28 January, 1999

Greetings from McMurdo!

The Starlifter has just come in and so all the people who were waiting to leave have been able to go. I helped Dr. Denton and Dr. Sugden finish up a few things to get the plane. I will join Dr. Denton on the Franz Joseph Glacier in New Zealand next week.

This afternoon I picked up the key to the Discovery Hut on Hut Point. This hut was prefabricated in Australia for the Antarctic Expedition of 1901-1904 which was led by Robert Falcon Scott, RN. It served as a store room, laboratory and theater for members of the expedition living on the ship Discovery.

Four years later during Shackleton's British Antarctic Expedition of 1907-1909, which was based further north at Cape Royds the hut became an important advance base for sledging operations.

Scott next returned to McMurdo Sound for the 1911-1913 expedition. Although he decided to overwinter at Cape Evans, he used this old hut for the sledging parties.

In 1915, a Ross Sea depot laying party of Sir Ernest Shackleton's Imperial Trans antarctic Expedition (1914-1917) arrived on the Aurora. It was during this expedition that the hut assumed its greatest importance with sledging parties sometimes living here for many weeks, in cold and dirty conditions. Mackintosh and Hayward, members of this party set out over the sea ice for Cape Evans, but they were never seen again.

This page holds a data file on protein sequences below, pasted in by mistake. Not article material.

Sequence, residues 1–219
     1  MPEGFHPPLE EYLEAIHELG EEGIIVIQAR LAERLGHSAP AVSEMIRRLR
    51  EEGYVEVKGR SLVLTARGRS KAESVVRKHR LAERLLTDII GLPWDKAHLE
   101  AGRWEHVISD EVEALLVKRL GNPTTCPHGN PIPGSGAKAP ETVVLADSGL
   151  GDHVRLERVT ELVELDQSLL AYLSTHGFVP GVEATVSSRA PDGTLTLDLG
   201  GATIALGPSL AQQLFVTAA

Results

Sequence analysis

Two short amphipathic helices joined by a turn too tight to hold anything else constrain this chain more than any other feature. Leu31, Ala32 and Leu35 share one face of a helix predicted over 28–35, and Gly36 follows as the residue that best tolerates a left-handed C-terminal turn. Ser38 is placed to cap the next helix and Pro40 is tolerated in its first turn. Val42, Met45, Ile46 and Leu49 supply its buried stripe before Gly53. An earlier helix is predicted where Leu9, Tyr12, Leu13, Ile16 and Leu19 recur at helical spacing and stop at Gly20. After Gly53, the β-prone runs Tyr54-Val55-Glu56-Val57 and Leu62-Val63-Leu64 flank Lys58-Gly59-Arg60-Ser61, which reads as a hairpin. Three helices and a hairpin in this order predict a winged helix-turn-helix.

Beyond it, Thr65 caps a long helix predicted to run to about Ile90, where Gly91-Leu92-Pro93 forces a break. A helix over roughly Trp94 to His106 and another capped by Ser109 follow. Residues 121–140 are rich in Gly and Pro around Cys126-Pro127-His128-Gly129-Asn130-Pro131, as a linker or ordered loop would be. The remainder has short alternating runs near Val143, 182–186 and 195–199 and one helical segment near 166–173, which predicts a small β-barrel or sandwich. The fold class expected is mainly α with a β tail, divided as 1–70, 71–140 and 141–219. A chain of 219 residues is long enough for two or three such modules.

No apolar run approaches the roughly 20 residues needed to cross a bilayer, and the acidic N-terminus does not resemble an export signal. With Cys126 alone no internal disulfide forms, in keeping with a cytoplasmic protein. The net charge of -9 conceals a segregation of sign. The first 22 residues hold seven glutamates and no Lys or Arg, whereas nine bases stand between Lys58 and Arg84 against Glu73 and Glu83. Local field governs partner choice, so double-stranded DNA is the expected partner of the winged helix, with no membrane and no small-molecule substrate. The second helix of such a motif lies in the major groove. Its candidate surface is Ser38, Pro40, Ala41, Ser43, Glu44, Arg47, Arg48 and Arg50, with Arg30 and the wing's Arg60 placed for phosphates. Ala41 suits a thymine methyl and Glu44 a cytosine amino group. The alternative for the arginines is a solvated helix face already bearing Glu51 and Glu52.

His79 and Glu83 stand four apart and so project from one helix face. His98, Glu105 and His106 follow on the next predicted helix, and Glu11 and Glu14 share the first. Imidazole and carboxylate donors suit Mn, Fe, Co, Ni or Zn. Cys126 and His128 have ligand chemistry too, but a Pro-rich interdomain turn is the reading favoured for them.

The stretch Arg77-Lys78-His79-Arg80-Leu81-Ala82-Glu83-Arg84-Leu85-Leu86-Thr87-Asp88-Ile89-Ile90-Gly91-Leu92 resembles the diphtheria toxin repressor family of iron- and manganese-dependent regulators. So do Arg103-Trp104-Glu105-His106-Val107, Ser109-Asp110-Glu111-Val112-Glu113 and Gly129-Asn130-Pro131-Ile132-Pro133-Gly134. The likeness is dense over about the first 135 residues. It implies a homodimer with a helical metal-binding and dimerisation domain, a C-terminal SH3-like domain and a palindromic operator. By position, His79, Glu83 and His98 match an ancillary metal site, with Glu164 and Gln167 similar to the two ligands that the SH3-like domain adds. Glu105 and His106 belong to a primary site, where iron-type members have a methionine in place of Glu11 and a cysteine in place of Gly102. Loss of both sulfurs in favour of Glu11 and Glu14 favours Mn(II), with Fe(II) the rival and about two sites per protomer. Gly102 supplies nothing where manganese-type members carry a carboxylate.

The hut was not visited again until 1947 during "Operation High Jump."

Restoration of the Hut began in 1964 with New Zealand's antarctic Division leading the effort to salvage the ice filled hut. The Discovery Hut is now protected and maintained be the Antarctic Heritage Trust. These wooden structures are susceptible to the ravages of the continent-especially the wind.

The hut was surprisingly cold and today was only moderately windy. There were a few windows, but the inside was still dark because it is covered with soot from the seal blubber stove. As a matter of fact one of the first things that you see as you enter is a stack of flensed seal blubber. You can see the axe marks on the floor next to the stack. There are also hoof marks from Scott's ponies.

In the "meat room" just off the entrance are the remains of some penguins - Edward Wilson was Scott's biologist and he prepared skins for study here. You can still the esophagus of the birds.

There are the old crates that say BAE (British Antarctic Expedition) and R F Scott, and many old containers of food. When we were out in the field we ate Cabin Bread for lunch everyday - and here were old boxes labelled Cabin Bread!! A long tradition here in the Antarctic.

I have just seen Drew and Adam, my colleagues from the field. We will be spending some time putting away supplies and returning food from the camp in Beacon Valley. I am feeling nostalgic now that it is all over.

I will soon be leaving Antarctica and my emotions are very mixed. I would like to stay and learn more - have different experiences - I know that I was one of the truly lucky ones because I was able to travel extensively throughout the Dry Valleys and had the opportunity to see wildlife almost every night I was in town. I was able to work with some incredibly interesting and bright people in Beacon Valley. Still I wonder what it was like to be on a ship, to be at pole, to work exclusively here in McMurdo. I am reminded of a quote from Thomas Pynchon - "You wait. Everyone has an Antarctic." Each of us had a different Antarctica, but I wonder if the end result will be that we are changed in a similar way.

Until tomorrow



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